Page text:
Monday, September 21, 2009

Labor Day by Joyce Maynard

My roommate and I don't have exactly the same taste; I love science fiction, she dislikes that genre. She wants something long to read on the subway, I want to read something entertaining enough to make me forget I'm on the subway. I like fantasy, she likes reality. Sometimes I think the only thing we have in common--in regards to our reading preferences--is that we like quality.

So, when she handed me Labor Day, by Joyce Maynard, and told me she thought I'd like it, I was a little bit sceptical.

I'm publicly apologizing for doubting you, Nee. I loved Labor Day.

From Amazon:

With the end of summer closing in and a steamy Labor Day weekend looming in the town of Holton Mills, New Hampshire, thirteen-year-old Henry—lonely, friendless, not too good at sports—spends most of his time watching television, reading, and daydreaming about the soft skin and budding bodies of his female classmates. For company Henry has his long-divorced mother, Adele—a onetime dancer whose summer project was to teach him how to foxtrot; his hamster, Joe; and awkward Saturday-night outings to Friendly's with his estranged father and new stepfamily. As much as he tries, Henry knows that even with his jokes and his "Husband for a Day" coupon, he still can't make his emotionally fragile mother happy. Adele has a secret that makes it hard for her to leave their house, and seems to possess an irreparably broken heart.

But all that changes on the Thursday before Labor Day, when a mysterious bleeding man named Frank approaches Henry and asks for a hand. Over the next five days, Henry will learn some of life's most valuable lessons: how to throw a baseball, the secret to perfect piecrust, the breathless pain of jealousy, the power of betrayal, and the importance of putting others—especially those we love—above ourselves. And the knowledge that real love is worth waiting for.

When I started reading, I wasn't all that impressed. The story moves slowly, introducing us to Henry and his mother, but once I got into the story, I quickly became hooked. Adele, Henry's mother, has become a shut-in after too many disappointments; now she sells vitamins over the phone, teaching her son the fox trot, herself the cello, and explaining about sex and music and the truth about life while serving microwaved fish and chips.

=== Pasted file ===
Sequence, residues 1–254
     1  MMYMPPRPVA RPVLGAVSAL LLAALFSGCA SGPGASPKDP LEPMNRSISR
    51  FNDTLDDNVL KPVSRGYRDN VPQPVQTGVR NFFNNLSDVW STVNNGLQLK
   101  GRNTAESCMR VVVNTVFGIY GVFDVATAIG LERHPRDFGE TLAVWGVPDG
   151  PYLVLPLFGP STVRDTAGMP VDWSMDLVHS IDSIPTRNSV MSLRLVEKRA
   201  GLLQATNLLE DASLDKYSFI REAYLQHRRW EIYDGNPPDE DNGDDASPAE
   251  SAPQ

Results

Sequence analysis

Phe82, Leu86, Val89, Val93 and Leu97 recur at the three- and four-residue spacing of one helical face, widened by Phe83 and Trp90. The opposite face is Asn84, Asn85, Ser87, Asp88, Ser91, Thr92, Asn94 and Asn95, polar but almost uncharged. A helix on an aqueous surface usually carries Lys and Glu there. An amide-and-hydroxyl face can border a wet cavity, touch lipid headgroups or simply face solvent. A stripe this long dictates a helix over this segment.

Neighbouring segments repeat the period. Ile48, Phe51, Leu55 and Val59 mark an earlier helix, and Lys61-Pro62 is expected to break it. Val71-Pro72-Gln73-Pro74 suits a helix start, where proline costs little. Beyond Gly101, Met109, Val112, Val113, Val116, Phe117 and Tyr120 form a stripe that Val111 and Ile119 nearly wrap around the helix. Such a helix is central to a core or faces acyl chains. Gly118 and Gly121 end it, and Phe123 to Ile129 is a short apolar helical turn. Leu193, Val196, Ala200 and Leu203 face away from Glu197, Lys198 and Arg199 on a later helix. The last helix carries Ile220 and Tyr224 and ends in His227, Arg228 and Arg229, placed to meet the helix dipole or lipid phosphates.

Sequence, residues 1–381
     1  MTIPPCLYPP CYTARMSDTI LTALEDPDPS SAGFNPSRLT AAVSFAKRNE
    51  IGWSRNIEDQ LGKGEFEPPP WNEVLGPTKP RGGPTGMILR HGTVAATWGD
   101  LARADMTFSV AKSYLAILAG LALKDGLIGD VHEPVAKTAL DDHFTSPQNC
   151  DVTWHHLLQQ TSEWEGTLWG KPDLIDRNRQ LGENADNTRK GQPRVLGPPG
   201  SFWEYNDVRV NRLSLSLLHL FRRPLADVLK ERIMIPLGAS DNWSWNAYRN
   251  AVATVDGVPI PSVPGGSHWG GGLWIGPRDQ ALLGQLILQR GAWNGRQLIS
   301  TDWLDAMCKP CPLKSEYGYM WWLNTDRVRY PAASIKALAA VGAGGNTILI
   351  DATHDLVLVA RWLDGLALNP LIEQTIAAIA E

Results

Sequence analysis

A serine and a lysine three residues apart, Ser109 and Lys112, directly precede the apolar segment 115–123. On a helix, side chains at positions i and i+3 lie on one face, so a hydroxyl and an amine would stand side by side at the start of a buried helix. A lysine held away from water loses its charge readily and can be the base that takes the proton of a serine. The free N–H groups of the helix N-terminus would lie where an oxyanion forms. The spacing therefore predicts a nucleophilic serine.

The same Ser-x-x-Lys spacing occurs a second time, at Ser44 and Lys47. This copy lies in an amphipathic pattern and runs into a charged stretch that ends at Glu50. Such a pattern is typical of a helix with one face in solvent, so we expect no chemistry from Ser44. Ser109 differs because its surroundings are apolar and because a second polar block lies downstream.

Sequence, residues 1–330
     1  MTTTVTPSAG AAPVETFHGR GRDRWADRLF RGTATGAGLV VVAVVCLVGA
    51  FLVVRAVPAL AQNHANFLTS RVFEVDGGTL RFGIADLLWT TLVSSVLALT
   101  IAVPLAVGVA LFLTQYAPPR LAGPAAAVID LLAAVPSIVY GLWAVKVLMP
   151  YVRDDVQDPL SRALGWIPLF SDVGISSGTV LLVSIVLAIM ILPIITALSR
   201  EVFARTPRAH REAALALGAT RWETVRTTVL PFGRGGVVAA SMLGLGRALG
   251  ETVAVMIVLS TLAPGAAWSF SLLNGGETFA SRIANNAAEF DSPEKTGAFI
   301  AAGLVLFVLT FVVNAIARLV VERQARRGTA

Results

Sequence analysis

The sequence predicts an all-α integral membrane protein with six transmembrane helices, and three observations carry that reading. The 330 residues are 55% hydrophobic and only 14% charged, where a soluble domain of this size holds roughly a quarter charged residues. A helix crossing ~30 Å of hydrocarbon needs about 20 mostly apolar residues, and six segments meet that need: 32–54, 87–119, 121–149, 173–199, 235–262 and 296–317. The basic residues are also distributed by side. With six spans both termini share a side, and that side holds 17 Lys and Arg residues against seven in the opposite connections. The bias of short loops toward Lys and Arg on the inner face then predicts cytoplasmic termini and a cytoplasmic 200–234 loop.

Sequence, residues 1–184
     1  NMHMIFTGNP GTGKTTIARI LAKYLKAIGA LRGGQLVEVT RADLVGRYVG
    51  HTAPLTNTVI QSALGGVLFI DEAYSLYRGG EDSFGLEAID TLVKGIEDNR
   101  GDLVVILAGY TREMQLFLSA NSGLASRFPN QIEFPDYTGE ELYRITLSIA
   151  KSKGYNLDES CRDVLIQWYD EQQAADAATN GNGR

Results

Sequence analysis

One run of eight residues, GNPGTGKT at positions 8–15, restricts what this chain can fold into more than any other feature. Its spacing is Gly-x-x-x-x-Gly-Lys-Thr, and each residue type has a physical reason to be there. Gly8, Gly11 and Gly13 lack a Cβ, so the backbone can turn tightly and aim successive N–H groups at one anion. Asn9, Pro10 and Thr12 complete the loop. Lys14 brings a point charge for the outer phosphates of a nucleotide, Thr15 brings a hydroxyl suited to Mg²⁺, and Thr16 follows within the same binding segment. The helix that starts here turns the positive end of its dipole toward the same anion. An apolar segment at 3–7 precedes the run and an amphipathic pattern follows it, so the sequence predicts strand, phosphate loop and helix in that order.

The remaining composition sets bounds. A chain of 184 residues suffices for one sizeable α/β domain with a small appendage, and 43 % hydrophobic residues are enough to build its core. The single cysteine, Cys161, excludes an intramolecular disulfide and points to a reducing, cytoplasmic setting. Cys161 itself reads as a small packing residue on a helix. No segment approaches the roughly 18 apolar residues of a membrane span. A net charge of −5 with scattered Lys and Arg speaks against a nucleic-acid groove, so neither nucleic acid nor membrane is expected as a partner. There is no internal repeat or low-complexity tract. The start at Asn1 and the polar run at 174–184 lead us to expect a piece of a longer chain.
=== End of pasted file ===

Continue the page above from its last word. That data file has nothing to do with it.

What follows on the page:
"You never knew how my mother was going to react to things. There could be some guy going door-to-door with religious pamphlets, and she'd yell at him to go away, but other times I'd come home from school and there'd be this person sitting on our couch having coffee with her."
Then, there's Frank, who Henry first meets while looking over the magazines. Thirteen and curious, Henry really wants to open the Playboy, but settles for a book on puzzles instead. The man standing next to him strikes up a conversation.
"I fell out a window. He said it the way a person would if all that happened to him was he got a mosquito bite. Maybe this was why, at the time, this didn't seem like such an odd remark. Or maybe it was that everything seemed so odd back the, this comment in particular didn't stand out."
Everything moves very slowly in this story, with flashbacks to the time when Henry's father left them, to when Adele was able to interact with the outside world, intermixed with Henry's now. Frank and his mother connect on a level that leaves Henry both yearning and angry. For so long, Henry was his mother's world, but Frank comes into their lives one long Labor Day weekend and suddenly it's as though he's always been there and it's just the three of them in this perfect world.

And it would be perfect, if Frank hadn't been an escaped convict. The knowledge that the police are looking for him hangs over the three of them silently, softly coloring their decisions.

It's not until Henry meets Eleanor, though, that things really start to go pear-shaped. Feeling left out by his mother and Frank, Henry is looking for anyone to connect with. Sent to the library to do research, Henry spots a girl he's never seen before.
"I asked the girl if she went to school around here.

I didn't before, but I just moved here, she said. I'm supposed to try out living with my dad this year. The official reason is I have an eating disorder and they're hoping a new school environment will help, but really I think my mom just wanted to get rid of me so she can fool around with her boyfriend without me getting in the way."
You know, reading the story, that it can't end happily... except that in a way, it does. It didn't end at all the way I thought--and feared that it would--but it was a good, plausible, satisfying ending. Not the fairy tale ending, but a real one, with life and its truths echoing throughout Henry's life.

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